Date Published:2015 Feb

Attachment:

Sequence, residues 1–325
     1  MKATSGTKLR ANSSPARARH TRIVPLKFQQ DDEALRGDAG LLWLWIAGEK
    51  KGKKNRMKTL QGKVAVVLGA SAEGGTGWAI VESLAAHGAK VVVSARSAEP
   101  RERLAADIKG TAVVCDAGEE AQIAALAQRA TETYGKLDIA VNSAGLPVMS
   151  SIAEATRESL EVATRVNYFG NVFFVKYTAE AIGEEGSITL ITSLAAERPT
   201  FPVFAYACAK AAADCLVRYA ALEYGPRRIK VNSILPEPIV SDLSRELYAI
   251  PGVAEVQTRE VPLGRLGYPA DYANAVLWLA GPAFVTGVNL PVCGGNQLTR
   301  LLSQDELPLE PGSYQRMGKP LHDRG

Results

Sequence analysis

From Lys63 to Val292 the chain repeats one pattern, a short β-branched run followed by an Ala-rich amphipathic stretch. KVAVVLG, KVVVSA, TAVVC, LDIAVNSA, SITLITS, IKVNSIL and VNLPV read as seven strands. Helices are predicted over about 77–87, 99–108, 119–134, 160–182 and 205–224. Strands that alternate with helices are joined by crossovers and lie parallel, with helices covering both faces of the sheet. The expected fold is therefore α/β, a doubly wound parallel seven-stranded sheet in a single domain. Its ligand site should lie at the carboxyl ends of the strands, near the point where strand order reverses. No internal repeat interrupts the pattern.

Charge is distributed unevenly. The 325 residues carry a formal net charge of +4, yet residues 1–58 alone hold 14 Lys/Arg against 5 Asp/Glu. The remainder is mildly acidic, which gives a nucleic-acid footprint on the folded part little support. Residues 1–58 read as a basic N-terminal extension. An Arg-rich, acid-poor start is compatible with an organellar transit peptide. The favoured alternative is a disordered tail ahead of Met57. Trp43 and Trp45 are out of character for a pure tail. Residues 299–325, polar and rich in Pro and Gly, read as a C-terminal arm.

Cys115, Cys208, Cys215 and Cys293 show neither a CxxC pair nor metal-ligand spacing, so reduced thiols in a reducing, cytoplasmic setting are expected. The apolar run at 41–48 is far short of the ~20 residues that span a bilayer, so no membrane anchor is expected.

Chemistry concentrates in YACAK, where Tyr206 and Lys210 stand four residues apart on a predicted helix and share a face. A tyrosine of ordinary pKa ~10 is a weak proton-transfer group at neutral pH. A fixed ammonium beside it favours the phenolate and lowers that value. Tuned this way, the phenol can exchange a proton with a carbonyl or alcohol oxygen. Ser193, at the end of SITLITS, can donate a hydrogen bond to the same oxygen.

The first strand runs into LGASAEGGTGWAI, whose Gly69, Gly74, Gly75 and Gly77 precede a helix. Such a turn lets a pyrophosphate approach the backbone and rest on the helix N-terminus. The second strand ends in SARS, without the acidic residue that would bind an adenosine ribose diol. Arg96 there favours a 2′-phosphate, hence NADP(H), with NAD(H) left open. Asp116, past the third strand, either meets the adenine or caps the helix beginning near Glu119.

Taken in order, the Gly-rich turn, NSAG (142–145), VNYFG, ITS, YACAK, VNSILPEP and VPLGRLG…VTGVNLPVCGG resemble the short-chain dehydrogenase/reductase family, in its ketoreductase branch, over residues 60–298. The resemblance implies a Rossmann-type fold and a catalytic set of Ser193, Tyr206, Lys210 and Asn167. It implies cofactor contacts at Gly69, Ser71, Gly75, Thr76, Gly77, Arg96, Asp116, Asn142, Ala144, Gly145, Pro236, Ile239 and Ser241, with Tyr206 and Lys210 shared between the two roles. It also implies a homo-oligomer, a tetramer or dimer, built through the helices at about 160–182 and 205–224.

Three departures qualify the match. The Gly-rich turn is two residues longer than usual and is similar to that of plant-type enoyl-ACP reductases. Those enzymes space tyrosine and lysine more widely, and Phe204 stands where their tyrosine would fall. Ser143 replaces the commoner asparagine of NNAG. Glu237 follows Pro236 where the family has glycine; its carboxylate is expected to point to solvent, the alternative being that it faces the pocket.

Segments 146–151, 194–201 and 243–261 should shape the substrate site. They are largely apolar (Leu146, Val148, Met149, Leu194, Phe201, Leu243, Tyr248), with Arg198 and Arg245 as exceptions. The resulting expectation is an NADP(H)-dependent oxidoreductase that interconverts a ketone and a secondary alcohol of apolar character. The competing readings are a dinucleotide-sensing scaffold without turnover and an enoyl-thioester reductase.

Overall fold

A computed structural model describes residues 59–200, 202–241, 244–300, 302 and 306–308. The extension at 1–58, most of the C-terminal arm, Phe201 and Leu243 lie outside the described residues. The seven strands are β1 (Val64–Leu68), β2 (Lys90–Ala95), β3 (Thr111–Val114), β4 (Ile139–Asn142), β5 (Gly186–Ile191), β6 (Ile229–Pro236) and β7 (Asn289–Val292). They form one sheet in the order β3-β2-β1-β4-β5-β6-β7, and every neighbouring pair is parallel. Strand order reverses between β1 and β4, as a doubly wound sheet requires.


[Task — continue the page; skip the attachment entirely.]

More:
Pericytes, the mural cells that constitute the capillaries along with endothelial cells, have been associated with the pathobiology of diabetic retinopathy; however, therapeutic implications of this association remain largely unexplored. Pericytes appear to be highly susceptible to the metabolic challenges associated with a diabetic environment, and there is substantial evidence that their loss may contribute to microvascular instability leading to the formation of microaneurysms, microhemorrhages, acellular capillaries, and capillary nonperfusion. Since pericytes are strategically located at the interface between the vascular and neural components of the retina, they offer extraordinary opportunities for therapeutic interventions in diabetic retinopathy. Moreover, the availability of novel imaging methodologies now allows for the in vivo visualization of pericytes, enabling a new generation of clinical trials that use pericyte tracking as clinical endpoints. The recognition of multiple signaling mechanisms involved in pericyte development and survival should allow for a renewed interest in pericytes as a therapeutic target for diabetic retinopathy.